Wind sprints: Life, liberty and the pursuit of loneliness (editor column)
July 2, 2016
Given the negative public response, you might think that Vail Resorts' plan to have some of its employees sleeping in bunk beds was some kind of war crime. Or at the very least, you might be convinced that these workers will suffer greatly by living together in military-style barracks.
To be clear, I'm not advocating for a bunk in every bedroom for Vail employees — the county's not going to let that happen — but the controversy has reminded me that Americans' definition of inalienable rights has expanded greatly since the days when pioneers lived in tiny claim shanties and huddled around the stove with their families. Now, a room of one's own is on par with the right to vote.
Maybe you can tell from all the old settler imagery that I've been reading Laura Ingalls Wilder's Little House books to my two little ones at night. Unlike my children, the Ingalls kids, all four of them, didn't each have their own rooms, much less their own bathrooms or vast toy collections.
Reading these books, I sometimes wonder how the Trollinger clan would adapt to such tight, spartan living conditions. The Ingalls seemed to thrive — and they were also a great deal tidier than us, I'm convinced.
It's a strange contradiction when you think about it: American houses keep getting bigger, while our desired family size keeps shrinking.
According to the U.S. Census Bureau, the average home size has increased by more than 1,000 square feet in the past 40 years. That means we've seen a jump from 1,600 square feet to about 2,600 square feet since the 1970s. Now put that on a line graph with data that shows that half of Americans now say two is the ideal number of children for a family, according to the Pew Research Center.
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Back in 1936 — during the Great Depression, mind you — the preference was for 3.6 kids per family.
Many things contributed to this change, of course: the birth-control pill, the rise of two-income households and the increasingly bewildering costs of raising kids. But what explains why our houses are getting bigger? Is bigger really better?
I grew up in a two-child household. I had my own room and that certainly set the bar for what I consider normal, even though I must say I was a pretty lonely, bookish kid.
Maybe that's why it felt demoralizing me and my wife when we moved into Summit County three-and-a-half years ago and had our two kids sleeping in the same bed in our little A-frame in Silverthorne. Had we failed? Were we not living up to the American dream and providing a better future for our children than our parents had provided for us? Or had we just been conditioned to think that the definition of success and happiness was a sprawling mountain mansion?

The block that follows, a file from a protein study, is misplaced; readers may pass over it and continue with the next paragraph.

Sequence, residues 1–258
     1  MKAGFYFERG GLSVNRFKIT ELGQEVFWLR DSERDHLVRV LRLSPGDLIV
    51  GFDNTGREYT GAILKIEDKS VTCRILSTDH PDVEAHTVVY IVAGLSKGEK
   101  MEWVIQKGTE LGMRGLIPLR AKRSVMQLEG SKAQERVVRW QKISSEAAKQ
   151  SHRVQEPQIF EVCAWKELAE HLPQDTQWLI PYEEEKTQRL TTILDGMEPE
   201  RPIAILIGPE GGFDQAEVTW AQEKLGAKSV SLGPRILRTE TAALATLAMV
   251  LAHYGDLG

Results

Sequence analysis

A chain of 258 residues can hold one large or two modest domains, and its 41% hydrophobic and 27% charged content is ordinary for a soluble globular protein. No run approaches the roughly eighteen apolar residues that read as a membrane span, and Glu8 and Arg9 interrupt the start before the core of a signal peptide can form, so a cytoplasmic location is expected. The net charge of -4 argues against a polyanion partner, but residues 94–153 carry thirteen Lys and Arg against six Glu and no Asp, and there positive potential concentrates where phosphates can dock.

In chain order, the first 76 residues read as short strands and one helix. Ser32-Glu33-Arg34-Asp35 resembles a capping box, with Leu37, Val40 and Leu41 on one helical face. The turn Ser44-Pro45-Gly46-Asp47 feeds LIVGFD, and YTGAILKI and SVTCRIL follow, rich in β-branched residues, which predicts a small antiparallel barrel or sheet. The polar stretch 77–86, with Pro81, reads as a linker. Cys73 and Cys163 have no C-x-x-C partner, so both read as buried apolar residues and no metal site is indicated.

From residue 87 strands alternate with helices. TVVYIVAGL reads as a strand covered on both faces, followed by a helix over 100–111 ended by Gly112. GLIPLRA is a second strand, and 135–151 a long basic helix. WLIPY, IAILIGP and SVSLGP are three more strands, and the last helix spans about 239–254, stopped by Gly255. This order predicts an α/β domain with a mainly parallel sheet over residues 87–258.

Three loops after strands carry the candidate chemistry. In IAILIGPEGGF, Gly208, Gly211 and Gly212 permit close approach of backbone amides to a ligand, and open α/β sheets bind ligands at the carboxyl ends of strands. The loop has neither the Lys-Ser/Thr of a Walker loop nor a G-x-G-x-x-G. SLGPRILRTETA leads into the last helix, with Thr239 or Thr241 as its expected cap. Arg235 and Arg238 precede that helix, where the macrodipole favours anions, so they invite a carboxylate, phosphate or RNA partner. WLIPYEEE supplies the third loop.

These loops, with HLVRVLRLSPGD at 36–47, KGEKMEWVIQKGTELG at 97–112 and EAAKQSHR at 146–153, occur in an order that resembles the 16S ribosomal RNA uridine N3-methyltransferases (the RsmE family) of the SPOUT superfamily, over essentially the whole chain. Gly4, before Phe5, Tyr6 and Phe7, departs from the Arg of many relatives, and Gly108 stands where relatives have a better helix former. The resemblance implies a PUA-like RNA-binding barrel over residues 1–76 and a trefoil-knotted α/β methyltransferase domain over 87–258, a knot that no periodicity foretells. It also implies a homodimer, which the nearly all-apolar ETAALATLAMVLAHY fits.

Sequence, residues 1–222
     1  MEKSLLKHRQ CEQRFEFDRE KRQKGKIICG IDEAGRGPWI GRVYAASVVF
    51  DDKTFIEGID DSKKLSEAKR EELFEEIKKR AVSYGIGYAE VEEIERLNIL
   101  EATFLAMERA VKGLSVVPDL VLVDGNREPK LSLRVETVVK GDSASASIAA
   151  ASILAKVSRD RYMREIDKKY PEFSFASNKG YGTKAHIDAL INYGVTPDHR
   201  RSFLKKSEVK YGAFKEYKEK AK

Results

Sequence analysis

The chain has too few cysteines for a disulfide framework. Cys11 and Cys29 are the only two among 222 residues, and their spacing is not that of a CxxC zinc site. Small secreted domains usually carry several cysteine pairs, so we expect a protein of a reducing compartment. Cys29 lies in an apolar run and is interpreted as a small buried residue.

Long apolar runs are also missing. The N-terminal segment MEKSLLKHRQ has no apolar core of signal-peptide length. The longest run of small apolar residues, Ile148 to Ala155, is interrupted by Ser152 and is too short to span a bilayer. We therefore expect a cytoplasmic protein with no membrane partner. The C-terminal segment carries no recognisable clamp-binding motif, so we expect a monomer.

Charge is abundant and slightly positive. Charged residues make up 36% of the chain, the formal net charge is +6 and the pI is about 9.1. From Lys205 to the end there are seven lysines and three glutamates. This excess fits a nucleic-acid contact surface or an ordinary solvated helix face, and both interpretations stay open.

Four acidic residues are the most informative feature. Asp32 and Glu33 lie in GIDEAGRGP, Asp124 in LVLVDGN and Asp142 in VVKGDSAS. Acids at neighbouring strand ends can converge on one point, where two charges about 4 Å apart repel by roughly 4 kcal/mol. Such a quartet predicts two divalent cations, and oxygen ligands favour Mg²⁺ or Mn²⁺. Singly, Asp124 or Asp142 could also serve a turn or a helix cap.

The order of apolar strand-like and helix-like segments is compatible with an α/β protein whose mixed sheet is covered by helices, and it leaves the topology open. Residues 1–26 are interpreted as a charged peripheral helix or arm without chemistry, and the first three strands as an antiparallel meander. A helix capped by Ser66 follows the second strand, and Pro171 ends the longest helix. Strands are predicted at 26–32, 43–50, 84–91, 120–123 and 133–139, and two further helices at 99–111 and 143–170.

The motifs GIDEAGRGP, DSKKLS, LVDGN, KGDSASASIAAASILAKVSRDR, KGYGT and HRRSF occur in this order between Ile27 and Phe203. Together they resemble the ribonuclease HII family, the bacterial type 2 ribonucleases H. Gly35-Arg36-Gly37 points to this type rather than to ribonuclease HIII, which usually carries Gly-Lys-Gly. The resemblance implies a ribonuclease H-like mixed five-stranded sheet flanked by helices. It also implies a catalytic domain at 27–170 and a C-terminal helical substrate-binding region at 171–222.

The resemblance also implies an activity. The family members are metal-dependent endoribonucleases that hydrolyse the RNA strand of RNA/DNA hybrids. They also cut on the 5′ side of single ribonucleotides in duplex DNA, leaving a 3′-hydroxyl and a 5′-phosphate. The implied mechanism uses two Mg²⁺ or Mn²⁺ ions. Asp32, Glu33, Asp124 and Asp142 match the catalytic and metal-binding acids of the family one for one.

Now we live in a 3-3 townhome in Frisco. It's close to work and school. The kids each have their own rooms down on the basement level. My wife and I are up on the third floor. However, the fact is, it doesn't feel like home in the way that the tiny A-frame did. We thought we needed the townhome because our 8-year-old daughter would probably want her own room, along with an American doll and an iPhone, of course. In the end, though, she and her brother still ended up sleeping in the same room. Go figure.
Clearly, a family is different than a random assemblage of ski industry workers. But there is something to be said for living closely with other people. As humans, we have a deep need to be part of a group.
Sebastian Junger writes in his new book, "Tribe: On Homecoming and Belonging," about how out-of-step the life of a soldier is with modern American society. He argues that cities are now organized, intentionally or not, in a way that makes us feel deeply lonely and disconnected. This becomes painfully and tragically obvious when soldiers — still clinging to the life they had with a band of brothers — are reintegrated into civilian life. They suffer depression and trauma not just because of the violence they've witnessesd, Junger argues, but because they've been pulled away from an intensely communal life with their fellow soldiers.
"Well, the irony of modern society, for all of its very real benefits — I mean, modern society is a miracle in a lot of ways, right? But as affluence goes up in a society, the suicide rate tends to go up, not down," Junger said in a recent interview. "As affluence goes up in a society, the depression rate goes up."
My wife and I celebrated our 13th wedding anniversary this week. It reminded me that I haven't lived on my own since I was in my early 20s. Some people choose to live alone — I respect and sometimes even envy that. However, that doesn't mean I know how to deal well with solitude. My kids were recently in Texas for two weeks visiting their grandparents in Austin, Texas. I had the whole house to myself. Perhaps this isn't a surprise, but it left me with an empty feeling that I filled up with work.
We are more than our work and the things that it affords us — the cars, the home in a nice neighborhood. We are social creatures who need each other. We need real community much more than we need a place to crash. Keep that in mind when you're sitting around the fire this Fourth of July weekend, wondering why you feel so much happier to be outside, under the stars and with the ones you love.
Ben Trollinger is the managing editor of the Summit Daily News. Contact him at (970) 668-4618 or at email@example.com.
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